It seems as if you can be fined for almost anything in Singapore, but is this really how things are there?
“Singapore is a fine city,” a Singaporean women informed me. The pun was intended. This seems to be the city-states’s favorite joke. In my week there I was told it by no less than five people. I suppose it’s kind of their national mantra. Though it is also a very true statement.
Singapore is a fine city. It is probably the cleanest and most orderly place with the best behaving populous on the planet — or at least that I’ve seen in 15+ years of travel through over 50 countries. Litter is nil. Traffic follows the laws. Street crime is almost nonexistent. The organizational structure of everything, from how sidewalks are kept up to the public transport system, is impeccable. Imagine that: a place where there are not only rules, but where people generally follow them.
Needless to say, Singapore is also a rather totalitarian city. In point, places are not kept this nice without more than a little judicial force. A virtual army of fine collectors roam the streets of the city, finding people breaking the rules and slapping them with rather hefty penalties. These fine collectors are like undercover agents, they wear plain clothes so nobody knows who they are or where they will strike next. To ensure they do a really good job, they work on commission: the more people they fine, the more money they make. Singapore didn’t only legislate myriad public harmony mandates, but rolled out a system to ensure that they will be followed.
In Singapore, you can be fined for:
[1 SGD = .80 USD, Nov. 2014]
Jaywalking: $500 SGD
Spitting out gum (which in and of itself is technically illegal to sell): $1,000 SGD
Eating to drinking on public transport: $500 SGD
Smoking on public transport: $500 SGD
“Stealing” WIFI: $5,000 SGD
Feeding birds: $500
Not flushing the toilet: $150 SGD
Spitting: $200 SGD
In Singapore, you can get busted for walking around in your home naked with the windows open — apparently, it’s considered a form of pornography, which is illegal. Some elevators are reported to be equipped with urine detection devices, which set off an alarm at the first scent of piss. There are parking monitors who bust you for leaving your vehicle in an improper location for even a few seconds. The fine laws in Singapore are so extensive that it lead to the creation of a popular tourist t-shirt highlighting all of the things that you can’t do here . . . Though you can saunter down to Geylang and use the services of a brothel fine free.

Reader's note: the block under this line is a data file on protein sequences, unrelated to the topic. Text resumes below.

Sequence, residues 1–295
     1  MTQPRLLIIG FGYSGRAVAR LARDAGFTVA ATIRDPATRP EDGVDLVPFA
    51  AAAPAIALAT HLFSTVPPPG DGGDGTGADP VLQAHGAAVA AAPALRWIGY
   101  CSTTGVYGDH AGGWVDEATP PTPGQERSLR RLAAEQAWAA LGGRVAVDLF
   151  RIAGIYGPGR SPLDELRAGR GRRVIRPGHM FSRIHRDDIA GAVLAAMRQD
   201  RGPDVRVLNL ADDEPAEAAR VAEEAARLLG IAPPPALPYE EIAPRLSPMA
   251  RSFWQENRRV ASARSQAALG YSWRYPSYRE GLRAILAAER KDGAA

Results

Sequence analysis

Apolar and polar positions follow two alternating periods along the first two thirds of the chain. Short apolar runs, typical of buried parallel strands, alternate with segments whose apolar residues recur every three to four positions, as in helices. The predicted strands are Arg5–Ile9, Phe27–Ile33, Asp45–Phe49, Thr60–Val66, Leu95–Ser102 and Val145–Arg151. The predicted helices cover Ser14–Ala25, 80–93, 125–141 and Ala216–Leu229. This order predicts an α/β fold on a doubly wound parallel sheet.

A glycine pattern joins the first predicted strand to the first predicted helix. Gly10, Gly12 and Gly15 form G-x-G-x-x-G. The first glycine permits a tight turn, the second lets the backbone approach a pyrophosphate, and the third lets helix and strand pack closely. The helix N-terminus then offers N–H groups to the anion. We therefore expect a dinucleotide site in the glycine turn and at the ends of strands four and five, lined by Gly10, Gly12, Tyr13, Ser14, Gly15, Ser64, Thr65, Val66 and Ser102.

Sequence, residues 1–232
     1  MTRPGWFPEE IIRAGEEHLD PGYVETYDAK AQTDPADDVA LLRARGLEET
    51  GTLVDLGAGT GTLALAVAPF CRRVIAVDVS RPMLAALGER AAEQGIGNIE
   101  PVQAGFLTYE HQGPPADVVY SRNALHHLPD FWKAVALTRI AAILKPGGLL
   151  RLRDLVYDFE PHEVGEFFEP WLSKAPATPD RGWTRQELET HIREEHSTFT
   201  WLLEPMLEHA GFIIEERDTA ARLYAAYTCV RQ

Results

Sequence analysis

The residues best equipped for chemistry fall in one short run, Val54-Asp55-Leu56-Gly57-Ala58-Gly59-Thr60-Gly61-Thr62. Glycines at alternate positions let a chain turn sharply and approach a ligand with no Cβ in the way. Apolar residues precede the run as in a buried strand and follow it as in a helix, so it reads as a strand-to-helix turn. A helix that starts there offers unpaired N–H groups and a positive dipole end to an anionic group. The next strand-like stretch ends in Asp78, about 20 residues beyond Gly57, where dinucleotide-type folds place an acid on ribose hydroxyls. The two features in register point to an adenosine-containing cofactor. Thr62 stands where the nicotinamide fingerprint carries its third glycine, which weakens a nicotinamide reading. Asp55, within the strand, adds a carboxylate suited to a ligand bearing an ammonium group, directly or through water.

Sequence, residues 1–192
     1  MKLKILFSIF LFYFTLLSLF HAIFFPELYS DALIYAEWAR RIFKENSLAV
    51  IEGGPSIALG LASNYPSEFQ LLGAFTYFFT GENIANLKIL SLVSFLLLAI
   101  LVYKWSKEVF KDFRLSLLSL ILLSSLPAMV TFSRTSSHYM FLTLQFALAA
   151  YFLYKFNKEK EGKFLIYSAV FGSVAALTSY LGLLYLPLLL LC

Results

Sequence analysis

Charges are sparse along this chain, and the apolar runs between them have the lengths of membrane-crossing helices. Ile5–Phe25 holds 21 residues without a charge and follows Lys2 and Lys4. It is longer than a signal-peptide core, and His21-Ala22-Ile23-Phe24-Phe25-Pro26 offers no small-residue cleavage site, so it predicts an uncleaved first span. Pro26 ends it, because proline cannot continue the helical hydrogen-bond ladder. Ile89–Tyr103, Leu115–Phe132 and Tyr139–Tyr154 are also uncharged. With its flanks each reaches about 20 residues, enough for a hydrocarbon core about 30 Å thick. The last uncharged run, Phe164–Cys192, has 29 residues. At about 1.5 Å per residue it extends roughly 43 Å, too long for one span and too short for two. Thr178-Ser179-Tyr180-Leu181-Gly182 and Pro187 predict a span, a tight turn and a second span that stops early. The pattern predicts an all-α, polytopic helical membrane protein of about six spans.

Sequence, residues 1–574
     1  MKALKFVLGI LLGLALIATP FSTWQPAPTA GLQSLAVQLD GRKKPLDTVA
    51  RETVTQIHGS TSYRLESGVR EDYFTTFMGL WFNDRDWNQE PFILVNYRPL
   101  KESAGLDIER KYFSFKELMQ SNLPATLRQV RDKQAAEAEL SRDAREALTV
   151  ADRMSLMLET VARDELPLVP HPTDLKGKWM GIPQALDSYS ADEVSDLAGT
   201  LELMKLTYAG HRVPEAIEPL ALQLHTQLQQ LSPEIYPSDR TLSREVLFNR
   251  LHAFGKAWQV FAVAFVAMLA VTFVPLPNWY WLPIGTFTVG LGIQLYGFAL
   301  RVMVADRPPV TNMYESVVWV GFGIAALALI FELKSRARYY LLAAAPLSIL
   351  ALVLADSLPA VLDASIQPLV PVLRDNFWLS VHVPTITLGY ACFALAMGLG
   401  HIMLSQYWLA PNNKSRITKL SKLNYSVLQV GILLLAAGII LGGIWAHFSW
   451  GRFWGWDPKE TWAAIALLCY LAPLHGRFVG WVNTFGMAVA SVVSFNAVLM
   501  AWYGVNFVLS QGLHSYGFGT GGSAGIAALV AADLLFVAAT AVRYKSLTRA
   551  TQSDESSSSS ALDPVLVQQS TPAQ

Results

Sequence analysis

I went around Singapore asking people about their experiences with being fined. Most people that I talked with had been fined at one point or another. They always admitted this rather sheepishly, with a guilty grin on their face like a former class clown recounting his antics.
“Yes, I was fined once,” a twenty year old Indian guy told me. “It was for throwing a cigarette butt on the ground. I had to pay 300 dollars for that. It was the most expensive cigarette I ever smoked!”
He was laughing as he spoke. The fine happy nature of the government has produce a rather sardonic response in the populous. Those who get fined seem to get teased about it by their friends and families, kind of like someone who gets shat on by a bird where I come from. Getting fined is just a periodic annoyance of life in Singapore, and the people tend to take it with an exasperated sense of humor rather than outrage.
“You get fined for everything now,” an older guy told me at a hawker center on Joo Chiat Road. “If I smoke here I get fined. I have to go so many meters away from here. The people who fine you wear plain clothes, they don’t wear uniforms, and they come up to you and charge you 300 dollars and you have to pay it right there. The first offense is 300, the second is 500, and if you do it again you go to jail. I’ve seen it happen with people right here. Two times.”
Though you still see people jaywalking, tossing out their cigarette butts on the ground, and doing the entire array of things that they can be fined for all through Singapore. There are black splotches of spit-out gum covering the sidewalks in residential areas, I once looked up into a wide open window and saw a naked man contently laying in bed watching TV, and most of the public toilets in the city flush themselves, so there’s no worry about being fined for such a ridiculous oversight.
I have to say that it seems rare for any given person to be fined frequently, and everyone that I’d spoken with had only been ticketed once or twice in their lifetimes. Though you can be fined for an incredible amount of things in Singapore this isn’t an absolute, and, except for not being allowed to smoke in open air cafes, the impact that this has had on the day to day life of the population seems surprisingly slight — most of the laws are for things that most people are conditioned to not do anyway. To put it bluntly, these are not people who are moving like robots in lock step with the law, life is rather relaxed here, even with all the fines.
[Image from AsiaOne]